Google seeks proposals for Internet of Things research expedition

Google (NASDAQ: GOOG) is formally seeking proposals from university faculty members for pioneering research related to the Internet of Things (IoT). It's all part of its mission to make IoT devices as easy to discover and interact with as it is to find and use information on the open web.

One of the key tenets the request for proposal (RFP) makes clear is the need for an open ecosystem. "Open innovation is a core principle of this program to make the Internet of Things a reality for everybody," the RFP states.

As VentureBeat reports, one of the leaders on this project is famed Internet pioneer Vint Cerf, chief Internet evangelist at Google and an engineer who was instrumental in laying the foundation for the modern-day Internet.

Others listed as technical leads on the team include Chris DiBona, director of Open Source & Science Outreach; Yossi Matias, vice president of Search & Israel Site Lead, lead Applications and UX; Yoky Matsuoka, vice president of Nest technology; and Lawrence You, director of Privacy, lead Privacy & Security.

Google is planning to set up a research and open innovation expedition to explore the foundational elements to enable "easy development of smart and secure Internet of Things applications and services," according to the RFP. It envisions research at the intersection of disciplines including, but not limited to, human-computer interaction (HCI); privacy and security; and systems and products.

Google says a variety of its own experts and product groups will play a role in the expedition, either by contributing expertise or providing related technology. Experts from Android, Chrome, Cloud Platform and Internet-connected home products like Nest will be involved in the program.

The overall mission is to enable effective use and spur broad adoption of the IoT by making it as easy to discover and interact with connected devices as it is to find and use information on the open Web. "The resulting ecosystem should facilitate experimentation with applications and user experience, ensure privacy and security, and develop systems and protocols that guarantee interoperability."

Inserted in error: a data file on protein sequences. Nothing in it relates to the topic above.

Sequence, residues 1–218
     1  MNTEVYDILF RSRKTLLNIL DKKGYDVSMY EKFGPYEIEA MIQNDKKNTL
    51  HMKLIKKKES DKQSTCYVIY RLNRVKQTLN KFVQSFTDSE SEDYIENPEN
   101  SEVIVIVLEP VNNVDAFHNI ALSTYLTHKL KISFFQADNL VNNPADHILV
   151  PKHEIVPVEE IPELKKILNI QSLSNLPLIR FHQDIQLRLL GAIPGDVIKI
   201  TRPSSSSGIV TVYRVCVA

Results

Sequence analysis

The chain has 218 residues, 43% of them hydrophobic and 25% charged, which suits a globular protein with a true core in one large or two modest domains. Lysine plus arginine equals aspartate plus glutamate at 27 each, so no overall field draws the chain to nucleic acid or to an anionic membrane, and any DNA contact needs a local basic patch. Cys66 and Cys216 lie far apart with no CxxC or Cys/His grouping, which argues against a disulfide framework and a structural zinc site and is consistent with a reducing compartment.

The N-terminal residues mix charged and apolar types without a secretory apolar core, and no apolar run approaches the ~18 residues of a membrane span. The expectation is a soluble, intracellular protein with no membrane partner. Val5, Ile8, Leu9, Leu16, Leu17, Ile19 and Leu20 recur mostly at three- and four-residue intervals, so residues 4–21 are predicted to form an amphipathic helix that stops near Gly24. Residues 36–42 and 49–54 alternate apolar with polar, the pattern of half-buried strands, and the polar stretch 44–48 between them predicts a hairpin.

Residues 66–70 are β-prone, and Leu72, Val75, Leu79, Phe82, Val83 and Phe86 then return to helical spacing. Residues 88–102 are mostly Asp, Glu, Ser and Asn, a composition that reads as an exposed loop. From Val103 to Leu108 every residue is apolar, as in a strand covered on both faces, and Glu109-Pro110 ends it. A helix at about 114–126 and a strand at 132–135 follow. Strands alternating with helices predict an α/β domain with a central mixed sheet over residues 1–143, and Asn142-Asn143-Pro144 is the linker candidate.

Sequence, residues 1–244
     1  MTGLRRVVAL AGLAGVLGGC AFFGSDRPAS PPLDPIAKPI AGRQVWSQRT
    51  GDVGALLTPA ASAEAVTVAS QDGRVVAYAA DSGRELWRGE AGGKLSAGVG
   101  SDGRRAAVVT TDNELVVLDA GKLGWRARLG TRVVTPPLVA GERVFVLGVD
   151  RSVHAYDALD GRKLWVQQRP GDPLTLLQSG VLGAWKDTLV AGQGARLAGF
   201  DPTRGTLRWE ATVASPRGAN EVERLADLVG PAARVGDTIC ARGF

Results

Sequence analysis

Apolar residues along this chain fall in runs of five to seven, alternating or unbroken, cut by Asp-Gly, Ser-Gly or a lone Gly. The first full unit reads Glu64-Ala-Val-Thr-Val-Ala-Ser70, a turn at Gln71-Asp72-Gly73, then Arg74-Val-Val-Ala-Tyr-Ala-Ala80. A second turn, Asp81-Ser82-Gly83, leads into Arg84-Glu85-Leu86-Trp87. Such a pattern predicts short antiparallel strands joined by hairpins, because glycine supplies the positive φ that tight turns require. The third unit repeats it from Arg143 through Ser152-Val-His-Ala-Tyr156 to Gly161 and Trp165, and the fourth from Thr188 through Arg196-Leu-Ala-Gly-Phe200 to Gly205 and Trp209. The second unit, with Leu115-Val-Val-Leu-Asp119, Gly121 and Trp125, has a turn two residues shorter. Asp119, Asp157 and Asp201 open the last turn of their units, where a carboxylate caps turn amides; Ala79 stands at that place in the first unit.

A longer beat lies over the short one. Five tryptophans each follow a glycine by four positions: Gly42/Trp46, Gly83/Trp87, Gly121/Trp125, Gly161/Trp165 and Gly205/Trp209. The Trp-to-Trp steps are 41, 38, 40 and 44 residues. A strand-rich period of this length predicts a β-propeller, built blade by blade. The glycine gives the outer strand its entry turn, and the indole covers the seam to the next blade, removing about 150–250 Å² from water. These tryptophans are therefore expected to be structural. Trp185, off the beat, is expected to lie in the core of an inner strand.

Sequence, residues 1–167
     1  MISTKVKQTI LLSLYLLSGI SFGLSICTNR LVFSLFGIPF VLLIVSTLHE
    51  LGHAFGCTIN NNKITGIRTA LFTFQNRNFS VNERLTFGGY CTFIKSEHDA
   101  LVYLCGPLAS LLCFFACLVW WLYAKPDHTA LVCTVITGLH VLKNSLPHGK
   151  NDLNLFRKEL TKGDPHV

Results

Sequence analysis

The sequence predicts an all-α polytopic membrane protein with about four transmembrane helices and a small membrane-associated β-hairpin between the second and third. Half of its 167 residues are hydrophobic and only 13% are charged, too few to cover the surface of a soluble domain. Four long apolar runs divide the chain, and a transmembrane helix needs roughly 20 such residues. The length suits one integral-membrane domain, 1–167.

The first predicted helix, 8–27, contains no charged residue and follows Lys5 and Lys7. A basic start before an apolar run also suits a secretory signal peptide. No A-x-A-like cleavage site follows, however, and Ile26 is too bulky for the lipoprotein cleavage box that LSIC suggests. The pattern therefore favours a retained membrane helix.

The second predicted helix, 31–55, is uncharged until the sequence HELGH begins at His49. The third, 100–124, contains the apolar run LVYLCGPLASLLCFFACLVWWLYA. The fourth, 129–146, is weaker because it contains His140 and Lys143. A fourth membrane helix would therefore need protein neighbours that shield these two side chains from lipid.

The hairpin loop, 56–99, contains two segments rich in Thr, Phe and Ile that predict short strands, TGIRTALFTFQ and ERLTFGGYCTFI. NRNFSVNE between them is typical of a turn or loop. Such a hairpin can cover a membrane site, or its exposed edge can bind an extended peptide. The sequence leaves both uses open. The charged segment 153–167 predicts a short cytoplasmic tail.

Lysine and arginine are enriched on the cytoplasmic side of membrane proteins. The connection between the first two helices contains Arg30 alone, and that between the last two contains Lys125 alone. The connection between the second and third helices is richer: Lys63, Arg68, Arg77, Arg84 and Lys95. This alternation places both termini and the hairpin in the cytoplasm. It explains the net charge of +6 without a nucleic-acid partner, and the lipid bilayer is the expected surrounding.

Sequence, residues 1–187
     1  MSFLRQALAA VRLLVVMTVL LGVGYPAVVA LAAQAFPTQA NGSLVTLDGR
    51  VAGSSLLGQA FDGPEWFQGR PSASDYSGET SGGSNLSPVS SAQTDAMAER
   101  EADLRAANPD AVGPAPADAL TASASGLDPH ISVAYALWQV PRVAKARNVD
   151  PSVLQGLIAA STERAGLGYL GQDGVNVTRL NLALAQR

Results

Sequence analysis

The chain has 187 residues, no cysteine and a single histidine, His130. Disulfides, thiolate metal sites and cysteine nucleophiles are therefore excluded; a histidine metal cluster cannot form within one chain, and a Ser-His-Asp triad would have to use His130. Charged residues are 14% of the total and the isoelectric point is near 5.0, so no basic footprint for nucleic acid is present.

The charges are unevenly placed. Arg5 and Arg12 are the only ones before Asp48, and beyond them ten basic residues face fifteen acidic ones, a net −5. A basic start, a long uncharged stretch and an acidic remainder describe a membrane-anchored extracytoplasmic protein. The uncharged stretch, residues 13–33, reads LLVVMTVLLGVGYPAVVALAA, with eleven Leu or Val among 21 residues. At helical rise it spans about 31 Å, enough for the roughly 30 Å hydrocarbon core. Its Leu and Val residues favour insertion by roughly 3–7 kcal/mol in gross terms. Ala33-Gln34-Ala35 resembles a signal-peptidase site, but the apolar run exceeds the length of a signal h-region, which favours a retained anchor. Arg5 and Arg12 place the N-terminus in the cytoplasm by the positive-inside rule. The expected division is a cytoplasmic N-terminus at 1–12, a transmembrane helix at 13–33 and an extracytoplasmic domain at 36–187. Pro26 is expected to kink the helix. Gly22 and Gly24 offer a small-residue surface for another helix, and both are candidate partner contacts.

Interoperability will be key in the IoT, and many groups, including Google, are chasing that dream through what they deem as open standards efforts, the idea being that a common communications protocol will be required to get the biggest bang for the buck, so to speak.

Earlier this year, Google announced the Physical Web, an approach to enable people to walk up to any smart device, be it a vending machine, poster, toy, bus stop or rental car, and be able to tap away without having to download an app first. It's an early stage experimental project designed to develop a system that lets anyone interact with any device at any time.

For this most recent research project, Google envisions proposals that will identify and answer challenging social interaction questions around the IoT, such as user consent, privacy policy and permissions, data deletion, authentication, identity management, scalability, and new security threats, among others.

Google expects to make several awards under the program. Awards for the one-year Expedition Lead Grant range from $500,000 to $800,000 while one-time individual project grants range from $50,000 to $150,000.

The deadline for submission is Jan. 21, 2015, so interested parties better get cracking.

For more:
- see the VentureBeat story
- see this Computerworld story
- see this Google blog
- see Google's RFP

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